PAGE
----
Speak Your Mind and be Rewarded with Whisky!

4 October 2012

Sometimes it is best to keep your opinions to yourself – I am not of this school of thought. If you have an opinion (on something important) then you should voice it (even if no one is that interested).

I read the restaurant industry trade titles religiously, which I suppose makes me a little bit sad, what I have noticed recently is the overuse and misuse of the word “concept”. The word has become a plague within the industry press, it crops up everywhere and is almost always used incorrectly. So I thought I’d write to Restaurant Magazine and tell them off!

For my troubles Restaurant Magazine made me Star Letter of the Month and sent me a bottle of whisky (thanks chaps). However I’m not sure whether they have heeded my point as the word concept is still dotted arbitrarily through this month’s issue.

Ben

Why is it that today a restaurant can no longer just be that, a restaurant?  The word restaurant within the industry press is now almost always followed with the word “concept”. What annoys me about this is, along with the ubiquity of its usage is the fact that it is incorrect.

The definition of concept is as follows “an abstract idea, or a general notion” thus when something becomes real, a restaurant with tables, a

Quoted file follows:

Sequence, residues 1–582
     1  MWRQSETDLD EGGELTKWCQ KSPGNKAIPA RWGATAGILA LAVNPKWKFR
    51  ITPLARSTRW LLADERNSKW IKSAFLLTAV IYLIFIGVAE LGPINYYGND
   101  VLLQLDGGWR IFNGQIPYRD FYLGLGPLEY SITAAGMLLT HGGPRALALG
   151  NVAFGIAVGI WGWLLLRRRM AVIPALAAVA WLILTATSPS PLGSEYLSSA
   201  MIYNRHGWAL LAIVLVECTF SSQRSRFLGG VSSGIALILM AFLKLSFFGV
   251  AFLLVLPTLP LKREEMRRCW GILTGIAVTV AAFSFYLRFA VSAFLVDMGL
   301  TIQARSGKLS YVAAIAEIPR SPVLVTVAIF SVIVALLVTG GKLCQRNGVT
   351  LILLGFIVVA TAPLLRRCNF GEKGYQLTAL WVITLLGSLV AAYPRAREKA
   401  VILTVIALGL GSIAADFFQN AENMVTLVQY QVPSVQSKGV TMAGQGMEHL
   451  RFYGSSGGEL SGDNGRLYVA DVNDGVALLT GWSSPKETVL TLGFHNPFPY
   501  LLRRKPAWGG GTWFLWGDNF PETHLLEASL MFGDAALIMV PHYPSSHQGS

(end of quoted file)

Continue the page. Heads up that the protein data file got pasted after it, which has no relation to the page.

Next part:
kitchen, staff etc. it is no longer a concept or an idea – It is a restaurant. A concept car for example is not the version that ends up in the show room on the A40 for a member of the public to buy but is produced as an experimental model to test the viability of innovative design features – it is in short the idea of a car (you could I suppose argue that even this isn’t 100% correct usage as there is nothing abstract about a vehicle that exists whether it’s the production model or not).

In your interview with Alan Yau (August 2012), you went concept crazy. Wagamama was a concept, Hakkasan a concept, Yauatcha a concept – however on the next page we hear that Mr Yau himself is sceptical of the notion of concept believing that he has only really created one (Wagamama), again as soon as the first restaurant was built it was no longer a concept, really what Mr Yau is talking about is the concept behind the restaurant.

In the same issue we are also told that Nathan Outlaw is bringing “the second version of his Seafood & Grill concept” to London (very exciting news), Mr Outlaw strikes me as being a no nonsense kind of chap, surely he is simply opening a second outpost of his successful Seafood &
Grill a la Carte Restaurant (as it is named on his website) to the Capitol (and the capital)? Why is it all of a sudden a concept?

In short can we quit with the concept unless it truly is?

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